It is impossible to prove a negative, and we don’t know what information will come out in the future. However, over a year since some Democrats started claiming that it was a fact that the election was stolen from Hillary Clinton due to collusion between Trump and Putin, with Clinton denying the legitimacy of the election, no evidence of this has yet to be provided. On the other hand, there is evidence that Hillary Clinton decided within twenty-four hours of the election to blame others such as Russia in an attempt to escape the blame for her loss. It was also revealed that Clinton and the DNC had funded the Steele Dossier, which was previously used as a reason for the investigation, and attempted to cover up their roles.

Nunes Memo Provides Reminder Of Republican Hypocrisy And Democratic Dishonesty

Following days of hype far in excess of the outcome, the Nunes memo was finally released. The memo itself, while providing reminders of both Republican hypocrisy and Democratic dishonesty, doesn’t change what we knew. What matters is how Donald Trump and others wind up responding to the release.

The memo actually means very little, especially when kept in mind that it is a memo written by members of one party, while the response from the other party has so far been suppressed. The key argument is that Steele dossier was an essential part of the argument for the surveillance of Carter Page. However, the same memo undermines this argument, stating that  information about George Papadopolous “triggered the opening of an FBI counterintelligence investigation” in July 2016. The initial application for the surveillance remains classified, so it is not possible to independently determine how important the Steele dossier was.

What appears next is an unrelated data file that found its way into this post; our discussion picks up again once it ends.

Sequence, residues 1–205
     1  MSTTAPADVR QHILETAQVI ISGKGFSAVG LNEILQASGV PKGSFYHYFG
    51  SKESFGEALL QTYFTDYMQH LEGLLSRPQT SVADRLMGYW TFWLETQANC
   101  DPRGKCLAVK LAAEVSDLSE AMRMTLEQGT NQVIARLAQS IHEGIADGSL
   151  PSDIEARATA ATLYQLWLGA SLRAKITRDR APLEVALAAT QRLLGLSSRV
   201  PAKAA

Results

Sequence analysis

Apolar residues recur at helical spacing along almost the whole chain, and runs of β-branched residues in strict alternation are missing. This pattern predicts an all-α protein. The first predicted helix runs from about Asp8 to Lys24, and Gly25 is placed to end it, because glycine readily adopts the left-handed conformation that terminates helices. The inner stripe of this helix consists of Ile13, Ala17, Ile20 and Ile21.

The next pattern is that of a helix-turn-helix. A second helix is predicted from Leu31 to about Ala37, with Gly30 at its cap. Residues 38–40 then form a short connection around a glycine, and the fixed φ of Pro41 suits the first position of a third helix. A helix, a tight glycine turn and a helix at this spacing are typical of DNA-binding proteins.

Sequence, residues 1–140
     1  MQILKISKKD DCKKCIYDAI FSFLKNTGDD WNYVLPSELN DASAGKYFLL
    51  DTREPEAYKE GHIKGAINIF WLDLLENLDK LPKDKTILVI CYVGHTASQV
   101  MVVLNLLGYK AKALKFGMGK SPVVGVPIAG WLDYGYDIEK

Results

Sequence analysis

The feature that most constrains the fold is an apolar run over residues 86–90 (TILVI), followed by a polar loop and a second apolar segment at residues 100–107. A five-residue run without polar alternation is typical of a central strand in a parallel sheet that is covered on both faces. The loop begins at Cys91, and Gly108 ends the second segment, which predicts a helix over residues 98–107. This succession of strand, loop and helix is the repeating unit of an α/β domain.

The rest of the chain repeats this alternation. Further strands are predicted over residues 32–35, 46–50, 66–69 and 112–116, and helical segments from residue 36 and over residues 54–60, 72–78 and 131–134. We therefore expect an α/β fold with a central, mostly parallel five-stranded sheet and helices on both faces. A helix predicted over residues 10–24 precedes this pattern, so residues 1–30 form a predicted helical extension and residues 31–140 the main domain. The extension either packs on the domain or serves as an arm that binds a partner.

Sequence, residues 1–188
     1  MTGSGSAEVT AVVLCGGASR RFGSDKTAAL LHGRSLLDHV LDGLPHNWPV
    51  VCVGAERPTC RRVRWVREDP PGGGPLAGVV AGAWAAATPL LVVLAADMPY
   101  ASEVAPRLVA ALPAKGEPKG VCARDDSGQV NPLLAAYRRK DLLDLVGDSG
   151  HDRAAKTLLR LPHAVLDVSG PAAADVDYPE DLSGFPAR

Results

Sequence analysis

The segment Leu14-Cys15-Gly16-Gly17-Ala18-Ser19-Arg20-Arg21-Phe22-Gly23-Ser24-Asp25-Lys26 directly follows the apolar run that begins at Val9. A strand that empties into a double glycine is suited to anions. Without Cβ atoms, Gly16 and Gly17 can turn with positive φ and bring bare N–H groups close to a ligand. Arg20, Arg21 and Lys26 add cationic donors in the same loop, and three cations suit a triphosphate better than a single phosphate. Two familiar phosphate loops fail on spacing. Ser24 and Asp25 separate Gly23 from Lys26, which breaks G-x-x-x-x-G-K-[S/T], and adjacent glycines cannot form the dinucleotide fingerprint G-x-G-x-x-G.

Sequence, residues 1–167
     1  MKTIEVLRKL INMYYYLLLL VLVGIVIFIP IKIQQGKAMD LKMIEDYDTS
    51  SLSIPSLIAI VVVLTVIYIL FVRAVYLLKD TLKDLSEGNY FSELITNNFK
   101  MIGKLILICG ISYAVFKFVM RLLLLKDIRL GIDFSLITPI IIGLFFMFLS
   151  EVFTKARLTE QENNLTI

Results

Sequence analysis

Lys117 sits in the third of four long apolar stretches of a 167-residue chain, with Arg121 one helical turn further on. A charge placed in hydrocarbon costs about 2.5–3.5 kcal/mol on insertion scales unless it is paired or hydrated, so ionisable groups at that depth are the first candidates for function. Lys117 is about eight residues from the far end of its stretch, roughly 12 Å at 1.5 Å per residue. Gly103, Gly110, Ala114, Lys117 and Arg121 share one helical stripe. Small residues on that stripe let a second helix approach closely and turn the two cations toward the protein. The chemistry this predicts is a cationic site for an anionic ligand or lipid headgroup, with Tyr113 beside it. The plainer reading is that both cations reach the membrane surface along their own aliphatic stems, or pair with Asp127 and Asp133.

The significance of the Steele dossier is reduced if there is evidence beyond it to justify surveillance of Carter Page, as the Nunes memo concedes does exist. In addition, The Wall Street Journal reports: “Carter Page, who served as a foreign-policy adviser to Donald Trump’s campaign, was known to U.S. counterintelligence officials for years before he became a prominent figure in a dossier of unverified research about the future president’s ties to Russia.” There is further information later in the article, which raises questions as to how significant the Steele dossier were as opposed to other actions by Page in bringing him to the attention of counterintelligence officials: